The Jewish Contribution to Bulgarian Literature

At around the time of World War I Jews began to write literary works in Bulgarian as well as Ladino. The pioneer in this field was the gifted poetess Dora Gabe (1866–1983), who produced many of the classics of Bulgarian literature. Later she beccame president of the Bulgarian PEN Club and head of the Council of Bulgarian Writers. Haim Benadov (1907–1991) describes Jewish poverty in a Sofia suburb in his satiric short stories. In the first half of the 20th century there were three significant poets who devoted their works to the Zionist ideal: Oram ben Ner (pen name of Saul Mezan, 1893–1944), author of Pesni za Erusalim ("Songs of Jerusalem"); Simcho Isakov (1919–1949), author of Stihove ("Poems," 1953); and Leo Cohen, who wrote Moiat narod ("My People," 1930) and Poezia I jivot ("Poetry and Life," 1938). Bucha Behar wrote popular stories about Jewish country life. Mois Benaroya (1896–1967) worked as a critic, and Albert Mihael was a prolific contributor to the Jewish press as well as a playwright. A number of Jewish writers worked in the field of political journalism. The most important of them was Jossif Herbst (1875–1925), murdered by the Fascists because of his acerbic pen. Others were Benjamin and Eliezer Arditi, Jossif Israel, and Isak Naimovich. This important Jewish contribution to Bulgarian literary life undoubtedly inspired leading Bulgarian writers to submit a petition to the Bulgarian Parliament in 1940 protesting proposed anti-Jewish legislation.

After World War II many more Jews gained literary prominence. Armand Baruh (1908–1990) was a popular novelist, mainly known for Ralevi (1955). Victor Baruh (1921– ) wrote mainly about the fate of the Jews during the Holocaust years. His most famous work is the novel Otrecheni ot zakona ("Denied by the Law," 1960). Others are Svatbeni sveshti ("Wedding Candles," 1968), Iaponskata kukla ("The Japanese Doll," 1965), and Oklevetenata ("The Slandered," 2003). Valeri *Petrov was an outstanding poet, theater and cinema writer, and translator, under the pen name of Valeri Mevorah (1920– ). Poems like "V mekata esen" ("In the Soft Autumn," 1961) and "Krai sinioto more" ("Along the Blue Sea") made him one of the most important Bulgarian poets of all times, while his plays such as Kogato rozite tantzuvat ("When the Roses Dance"), Biala prikazka ("White Story"), and Kopche za san ("Button for a Dream"") are produced in many dramatic and puppet theaters around the world. Also highly acclaimed is his translation of Shakespeare into Bulgarian. David Ovadia (1923–1995) was a poet whose work dealt mainly with anti-Fascist resistance. Salis Tadjer (1924–1988), poet and belletrist, wrote Kopnej v pustiniata ("Longing in the Desert," 1960) and Bulgaria v mene ("Bulgaria Within Me," 1964). The outstanding Jewish playwright of the 1960s was Dragomir Asenov (pen name of Jak Melamed, 1926–1981), who wrote Rojden den ("Birthday," 1965) and Rozi za Doktor Shomov ("Roses for Doctor Shomov," 1967). The fate of one Jew is the subject of his trilogy Kafiavi horizonti ("Brown Horizons," 1961), Golemiat kamenen dom ("The Big Stone House," 1963), and Plodat na vetrovete ("The Fruit of the Winds," 1966).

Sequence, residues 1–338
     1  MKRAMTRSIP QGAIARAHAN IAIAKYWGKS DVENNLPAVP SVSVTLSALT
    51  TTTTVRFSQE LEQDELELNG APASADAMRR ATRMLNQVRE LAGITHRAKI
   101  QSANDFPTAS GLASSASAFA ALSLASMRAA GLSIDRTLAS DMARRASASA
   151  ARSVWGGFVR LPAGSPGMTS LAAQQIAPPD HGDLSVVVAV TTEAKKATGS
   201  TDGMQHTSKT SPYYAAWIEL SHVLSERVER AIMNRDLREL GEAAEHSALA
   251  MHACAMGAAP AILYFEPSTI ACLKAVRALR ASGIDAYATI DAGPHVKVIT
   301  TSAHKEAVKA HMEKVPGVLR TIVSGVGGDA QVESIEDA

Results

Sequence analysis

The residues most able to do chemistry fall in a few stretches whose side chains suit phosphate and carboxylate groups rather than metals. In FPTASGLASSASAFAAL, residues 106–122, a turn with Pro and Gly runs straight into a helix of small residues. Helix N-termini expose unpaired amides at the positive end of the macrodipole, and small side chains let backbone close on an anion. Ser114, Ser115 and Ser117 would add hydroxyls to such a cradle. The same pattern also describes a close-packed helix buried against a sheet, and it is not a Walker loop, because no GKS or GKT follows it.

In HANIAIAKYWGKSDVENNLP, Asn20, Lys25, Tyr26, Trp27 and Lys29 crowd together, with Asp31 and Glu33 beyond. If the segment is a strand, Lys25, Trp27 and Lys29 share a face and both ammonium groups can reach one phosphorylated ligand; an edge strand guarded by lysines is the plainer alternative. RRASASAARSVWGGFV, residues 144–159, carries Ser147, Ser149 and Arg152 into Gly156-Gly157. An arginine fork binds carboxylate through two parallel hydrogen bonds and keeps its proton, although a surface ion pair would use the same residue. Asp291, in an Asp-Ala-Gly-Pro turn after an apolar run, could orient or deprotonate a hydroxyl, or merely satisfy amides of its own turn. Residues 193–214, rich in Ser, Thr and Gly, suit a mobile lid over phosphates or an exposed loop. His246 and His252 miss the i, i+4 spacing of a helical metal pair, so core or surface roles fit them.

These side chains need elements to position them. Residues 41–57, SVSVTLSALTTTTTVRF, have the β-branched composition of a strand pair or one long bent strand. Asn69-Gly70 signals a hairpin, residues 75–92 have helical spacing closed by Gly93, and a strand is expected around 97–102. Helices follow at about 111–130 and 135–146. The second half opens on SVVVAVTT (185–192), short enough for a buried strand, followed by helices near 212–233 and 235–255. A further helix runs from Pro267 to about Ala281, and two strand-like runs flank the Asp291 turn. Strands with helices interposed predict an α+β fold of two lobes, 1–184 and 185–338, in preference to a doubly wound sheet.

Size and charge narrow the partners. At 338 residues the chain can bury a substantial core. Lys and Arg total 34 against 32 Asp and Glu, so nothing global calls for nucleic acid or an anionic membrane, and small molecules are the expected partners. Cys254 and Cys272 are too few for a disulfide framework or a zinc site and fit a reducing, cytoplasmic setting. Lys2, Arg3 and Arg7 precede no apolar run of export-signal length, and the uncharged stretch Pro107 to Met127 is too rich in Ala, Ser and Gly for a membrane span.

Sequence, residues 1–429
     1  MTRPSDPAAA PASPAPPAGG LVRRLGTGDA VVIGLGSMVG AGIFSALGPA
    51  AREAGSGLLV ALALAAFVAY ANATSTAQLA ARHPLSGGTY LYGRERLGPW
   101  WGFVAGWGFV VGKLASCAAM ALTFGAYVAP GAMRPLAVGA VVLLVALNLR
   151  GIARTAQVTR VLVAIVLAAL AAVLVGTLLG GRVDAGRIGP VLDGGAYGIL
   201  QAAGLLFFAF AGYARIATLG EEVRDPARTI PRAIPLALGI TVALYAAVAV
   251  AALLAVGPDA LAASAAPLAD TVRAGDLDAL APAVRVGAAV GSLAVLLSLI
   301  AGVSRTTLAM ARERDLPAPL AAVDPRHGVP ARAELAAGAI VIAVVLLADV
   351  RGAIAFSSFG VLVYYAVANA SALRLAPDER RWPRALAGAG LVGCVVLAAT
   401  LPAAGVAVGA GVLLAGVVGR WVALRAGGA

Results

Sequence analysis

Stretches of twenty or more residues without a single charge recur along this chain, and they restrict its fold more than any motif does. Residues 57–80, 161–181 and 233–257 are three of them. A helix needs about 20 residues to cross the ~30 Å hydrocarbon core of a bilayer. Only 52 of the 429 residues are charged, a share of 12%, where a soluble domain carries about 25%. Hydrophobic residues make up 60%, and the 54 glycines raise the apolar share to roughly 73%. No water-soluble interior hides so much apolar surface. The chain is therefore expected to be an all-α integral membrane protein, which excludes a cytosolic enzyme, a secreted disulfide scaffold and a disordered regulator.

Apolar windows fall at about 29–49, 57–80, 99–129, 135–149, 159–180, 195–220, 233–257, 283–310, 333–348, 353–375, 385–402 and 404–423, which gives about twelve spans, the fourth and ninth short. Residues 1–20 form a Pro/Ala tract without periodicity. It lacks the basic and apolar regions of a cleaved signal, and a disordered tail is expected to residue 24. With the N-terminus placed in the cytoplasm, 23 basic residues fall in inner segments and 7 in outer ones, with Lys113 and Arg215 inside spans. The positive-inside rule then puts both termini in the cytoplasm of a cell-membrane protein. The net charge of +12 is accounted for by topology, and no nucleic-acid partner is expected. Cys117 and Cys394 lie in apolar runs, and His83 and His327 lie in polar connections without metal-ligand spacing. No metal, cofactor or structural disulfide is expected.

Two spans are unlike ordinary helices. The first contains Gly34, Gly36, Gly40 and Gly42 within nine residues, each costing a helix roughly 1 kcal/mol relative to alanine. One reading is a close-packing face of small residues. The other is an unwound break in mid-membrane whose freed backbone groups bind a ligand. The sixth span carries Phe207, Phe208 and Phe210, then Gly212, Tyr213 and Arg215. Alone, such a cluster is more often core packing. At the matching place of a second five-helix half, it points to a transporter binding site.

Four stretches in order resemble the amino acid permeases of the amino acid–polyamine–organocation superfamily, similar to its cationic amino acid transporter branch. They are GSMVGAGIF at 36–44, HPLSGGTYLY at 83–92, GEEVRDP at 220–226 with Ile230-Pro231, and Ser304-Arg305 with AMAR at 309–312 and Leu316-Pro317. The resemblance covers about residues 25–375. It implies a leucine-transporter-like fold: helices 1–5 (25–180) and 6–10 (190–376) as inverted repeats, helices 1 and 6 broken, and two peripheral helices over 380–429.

The two most important Jewish literary critics were Iako Molhov (1915–2002), who wrote Problemi na savremennia balgarski roman ("Problems of the Contemporary Bulgarian Novel," 1956) and Maxim Naimovich (1921–1982). Also prominent during the postwar period was the prolific novelist and screenwriter Anjel *Vagenshtajn (1922– ), whose screenplays were internationally acclaimed. "In his later years he turned mainly to novels, with Jewish themes predominant in Petoknijie Isakovo ("Pentateuch of Isaac") and Sbogom, Shanhai ("Good-bye, Shanghai"). Leon Daniel (1926– ) is an outstanding essayist The poetry of Victor Samuilov (1946– ) and the prose of Chavdar Shinov (1941– ) are richly satiric. Eddy Schwartz (1937– ) works as a playwright and novelist.

BIBLIOGRAPHY:

L. Kohen, in: Biblioteka Probuda, 2 no. 6 (1939); G. Konstantinov, et al., Bŭulgarski pisateli: biografii i bibliografii (1961); Ts. Minkov (ed.); Bŭlgarska literatura, 1 (1962); Evrei, zaginali v antifashistkata borba (1958).

[Salvator Marco Israel /

Emil Kalo (2nd ed.)]


Source: Encyclopaedia Judaica. © 2008 The Gale Group. All Rights Reserved.